About Boston


Boston is Massachusetts’ capital city, and it is the largest city in the New England region. Home to close to 700,000, Boston is one of the oldest cities in the United States. The Boston area is the original homelands of the Mashpee Wampanoag, Aquinnah Wampanoag, Nipmuc Nations, and Massachusett Peoples. Boston is often recognized as an international hub for higher education, with 52 institutions in the greater Boston area, 35 in the city of Boston alone. The last time Boston hosted ACPA-College Student Educators International was for the 2010 Convention.
Boston visitor’s guide

Boston Fun Facts

  • Boston Common is the oldest public park in the US.
  • Boston was the first American city to build a subway (the Tremont Street Subway), built in 1897.
  • On January 15, 1919, a storage tank full of 2 million gallons of molasses burst, flooding the North End of the city with molasses. Some say they can still smell hints of molasses in the North End.
  • The original Dunkin’ Donuts is located in Quincy, Massachusetts (about 11 miles south of Boston).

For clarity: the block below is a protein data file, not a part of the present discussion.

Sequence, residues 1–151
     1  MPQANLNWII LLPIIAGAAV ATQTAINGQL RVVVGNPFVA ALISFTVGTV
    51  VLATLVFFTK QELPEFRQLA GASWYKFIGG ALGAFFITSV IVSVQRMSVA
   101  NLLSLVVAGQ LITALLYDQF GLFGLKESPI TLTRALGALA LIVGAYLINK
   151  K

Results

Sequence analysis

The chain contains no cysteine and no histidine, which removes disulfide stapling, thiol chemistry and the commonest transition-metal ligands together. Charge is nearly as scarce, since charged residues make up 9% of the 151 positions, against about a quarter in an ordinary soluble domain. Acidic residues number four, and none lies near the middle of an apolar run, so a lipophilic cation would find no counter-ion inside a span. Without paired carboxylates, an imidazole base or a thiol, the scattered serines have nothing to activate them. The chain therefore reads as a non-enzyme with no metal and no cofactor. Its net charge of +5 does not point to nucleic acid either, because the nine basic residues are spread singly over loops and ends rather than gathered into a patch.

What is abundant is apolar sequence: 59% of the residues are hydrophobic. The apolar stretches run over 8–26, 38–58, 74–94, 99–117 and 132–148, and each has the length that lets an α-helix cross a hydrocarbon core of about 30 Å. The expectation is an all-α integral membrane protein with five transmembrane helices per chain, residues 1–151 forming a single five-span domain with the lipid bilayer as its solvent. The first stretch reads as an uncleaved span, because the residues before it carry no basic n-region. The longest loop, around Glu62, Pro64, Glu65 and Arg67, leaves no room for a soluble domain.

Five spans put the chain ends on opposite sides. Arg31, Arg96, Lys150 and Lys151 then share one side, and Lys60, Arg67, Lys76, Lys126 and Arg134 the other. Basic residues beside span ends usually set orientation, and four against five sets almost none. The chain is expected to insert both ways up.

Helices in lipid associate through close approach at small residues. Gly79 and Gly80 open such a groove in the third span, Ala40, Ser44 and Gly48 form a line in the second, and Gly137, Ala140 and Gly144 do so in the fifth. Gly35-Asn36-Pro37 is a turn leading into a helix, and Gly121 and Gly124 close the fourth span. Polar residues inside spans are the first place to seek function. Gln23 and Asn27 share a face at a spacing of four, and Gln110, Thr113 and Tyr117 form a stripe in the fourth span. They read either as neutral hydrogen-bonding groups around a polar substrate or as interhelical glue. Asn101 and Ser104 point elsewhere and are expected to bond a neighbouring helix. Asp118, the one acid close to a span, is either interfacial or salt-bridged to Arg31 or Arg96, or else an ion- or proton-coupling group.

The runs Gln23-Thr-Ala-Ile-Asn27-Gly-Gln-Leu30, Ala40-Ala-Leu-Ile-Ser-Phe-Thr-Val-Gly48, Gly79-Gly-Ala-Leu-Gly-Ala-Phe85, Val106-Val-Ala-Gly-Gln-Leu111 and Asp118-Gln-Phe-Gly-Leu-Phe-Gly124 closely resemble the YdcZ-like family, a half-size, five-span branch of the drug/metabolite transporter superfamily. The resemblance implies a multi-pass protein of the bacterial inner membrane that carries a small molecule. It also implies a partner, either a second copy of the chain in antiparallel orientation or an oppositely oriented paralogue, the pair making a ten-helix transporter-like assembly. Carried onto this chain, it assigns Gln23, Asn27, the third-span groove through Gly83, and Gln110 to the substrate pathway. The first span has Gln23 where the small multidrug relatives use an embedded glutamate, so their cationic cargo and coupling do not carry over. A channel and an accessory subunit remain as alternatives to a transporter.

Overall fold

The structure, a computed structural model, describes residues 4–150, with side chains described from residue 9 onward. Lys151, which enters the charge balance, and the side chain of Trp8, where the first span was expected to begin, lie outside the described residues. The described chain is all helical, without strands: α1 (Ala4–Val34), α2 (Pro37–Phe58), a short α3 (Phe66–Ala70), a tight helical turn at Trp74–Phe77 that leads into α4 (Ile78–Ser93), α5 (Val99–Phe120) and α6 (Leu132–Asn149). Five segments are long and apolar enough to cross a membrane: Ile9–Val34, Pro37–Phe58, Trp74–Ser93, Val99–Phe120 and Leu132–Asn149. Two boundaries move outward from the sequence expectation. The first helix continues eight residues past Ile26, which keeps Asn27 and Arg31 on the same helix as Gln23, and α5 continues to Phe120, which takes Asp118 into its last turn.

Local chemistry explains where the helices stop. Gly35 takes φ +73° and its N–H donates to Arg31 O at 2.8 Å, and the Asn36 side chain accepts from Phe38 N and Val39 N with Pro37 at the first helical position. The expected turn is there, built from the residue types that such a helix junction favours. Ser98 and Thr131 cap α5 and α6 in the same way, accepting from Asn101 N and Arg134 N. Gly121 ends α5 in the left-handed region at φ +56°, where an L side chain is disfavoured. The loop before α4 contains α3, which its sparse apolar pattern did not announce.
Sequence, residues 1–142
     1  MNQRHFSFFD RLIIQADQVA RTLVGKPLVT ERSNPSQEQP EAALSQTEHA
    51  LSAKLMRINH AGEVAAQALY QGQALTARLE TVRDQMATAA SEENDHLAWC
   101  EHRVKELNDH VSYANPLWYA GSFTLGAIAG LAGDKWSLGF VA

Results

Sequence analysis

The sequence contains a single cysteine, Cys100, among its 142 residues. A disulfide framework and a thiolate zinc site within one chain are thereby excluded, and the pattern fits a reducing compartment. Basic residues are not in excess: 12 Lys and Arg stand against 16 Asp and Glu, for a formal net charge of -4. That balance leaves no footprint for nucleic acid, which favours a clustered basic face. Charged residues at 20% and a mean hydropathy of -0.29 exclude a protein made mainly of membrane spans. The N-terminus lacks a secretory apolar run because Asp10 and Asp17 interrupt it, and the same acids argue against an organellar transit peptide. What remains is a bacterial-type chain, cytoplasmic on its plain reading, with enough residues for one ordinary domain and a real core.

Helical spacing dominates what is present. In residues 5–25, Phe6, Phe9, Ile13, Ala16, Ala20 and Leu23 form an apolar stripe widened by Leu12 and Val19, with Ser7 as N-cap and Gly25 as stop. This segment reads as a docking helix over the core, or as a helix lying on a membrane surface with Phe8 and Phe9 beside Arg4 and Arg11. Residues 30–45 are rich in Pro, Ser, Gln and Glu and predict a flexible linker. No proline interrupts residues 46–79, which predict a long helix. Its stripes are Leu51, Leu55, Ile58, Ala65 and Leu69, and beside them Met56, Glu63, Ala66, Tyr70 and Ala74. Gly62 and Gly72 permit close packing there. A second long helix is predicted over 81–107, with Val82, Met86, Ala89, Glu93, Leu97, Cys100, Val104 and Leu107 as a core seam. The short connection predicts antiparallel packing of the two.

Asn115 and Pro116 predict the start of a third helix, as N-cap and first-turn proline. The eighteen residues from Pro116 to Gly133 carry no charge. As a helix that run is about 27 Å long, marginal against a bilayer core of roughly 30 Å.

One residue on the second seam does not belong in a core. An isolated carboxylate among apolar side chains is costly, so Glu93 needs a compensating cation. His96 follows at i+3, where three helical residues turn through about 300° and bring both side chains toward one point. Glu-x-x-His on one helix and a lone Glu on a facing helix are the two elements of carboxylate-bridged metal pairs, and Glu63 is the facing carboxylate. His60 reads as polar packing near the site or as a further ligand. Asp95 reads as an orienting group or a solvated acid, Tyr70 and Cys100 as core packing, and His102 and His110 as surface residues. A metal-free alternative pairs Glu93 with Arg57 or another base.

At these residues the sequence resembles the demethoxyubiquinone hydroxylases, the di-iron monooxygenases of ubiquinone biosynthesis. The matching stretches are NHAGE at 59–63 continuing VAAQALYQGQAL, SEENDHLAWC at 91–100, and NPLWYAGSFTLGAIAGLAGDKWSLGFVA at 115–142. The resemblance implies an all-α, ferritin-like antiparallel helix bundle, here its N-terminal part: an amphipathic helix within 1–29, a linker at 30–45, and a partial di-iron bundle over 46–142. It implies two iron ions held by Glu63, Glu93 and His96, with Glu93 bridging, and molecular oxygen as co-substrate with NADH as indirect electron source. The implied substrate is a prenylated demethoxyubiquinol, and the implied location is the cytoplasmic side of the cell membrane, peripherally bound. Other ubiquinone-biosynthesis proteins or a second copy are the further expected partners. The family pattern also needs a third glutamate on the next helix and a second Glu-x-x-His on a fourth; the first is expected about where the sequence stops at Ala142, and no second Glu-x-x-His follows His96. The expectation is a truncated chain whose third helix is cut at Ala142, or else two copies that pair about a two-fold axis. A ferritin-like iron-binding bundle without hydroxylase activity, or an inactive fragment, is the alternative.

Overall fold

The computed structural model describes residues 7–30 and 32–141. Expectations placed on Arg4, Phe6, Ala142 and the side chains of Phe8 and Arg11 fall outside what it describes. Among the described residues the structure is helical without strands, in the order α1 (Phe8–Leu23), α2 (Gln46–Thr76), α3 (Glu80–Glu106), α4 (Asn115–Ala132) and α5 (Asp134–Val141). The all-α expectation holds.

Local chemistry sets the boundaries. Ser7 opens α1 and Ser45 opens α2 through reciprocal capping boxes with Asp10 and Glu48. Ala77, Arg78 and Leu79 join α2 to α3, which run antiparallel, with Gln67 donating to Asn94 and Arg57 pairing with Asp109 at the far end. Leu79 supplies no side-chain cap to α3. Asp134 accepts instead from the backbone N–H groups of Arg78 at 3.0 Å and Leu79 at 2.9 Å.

• Over 140 languages are spoken in Boston, with residents from over 80 countries around the world.
  • Home to the Boston Red Sox since 1912, Fenway Park is the oldest Major League baseball stadium still in use.

Back Bay History (from the City of Boston)

The Back Bay was originally a tidal body of water, used for mill operations. In the mid-19th century extensive landfilling began, resulting in over 450 acres of useable land by the 1880s. The Back Bay was an early planned fashionable residential district, based on Baron Haussmann’s plans to remake Paris. As the tidal flats were slowly filled in, beginning at the edge of the Public Garden and extending westward, residential construction advanced on filled-in lots as they became available. As a result, Back Bay, when viewed in block sequence, illustrates the changing tastes and stylistic evolution of American architecture over the course of the mid- to late 19th and early 20th centuries. Commercial development started on Boylston Street around 1880, and on Newbury Street in the early 20th century, in some cases adapting existing row houses.  For more Back Bay history, please see this link.


Be prepared.  March weather in Boston can be very unpredictable. In March 2018, Boston experienced its largest snowstorm of the winter season, seeing 15 inches of snow on March 13 (when ACPA18 in Houston was happening!). March 2018 also saw temperatures of up to 55 degrees, and as low as 28 degrees. March averages for Boston are a high of 46 degrees, and a low of 31 degrees. Be prepared for a range of weather and temperatures. As Mark Twain coined, “If you don’t like the weather in New England now, just wait a few minutes.”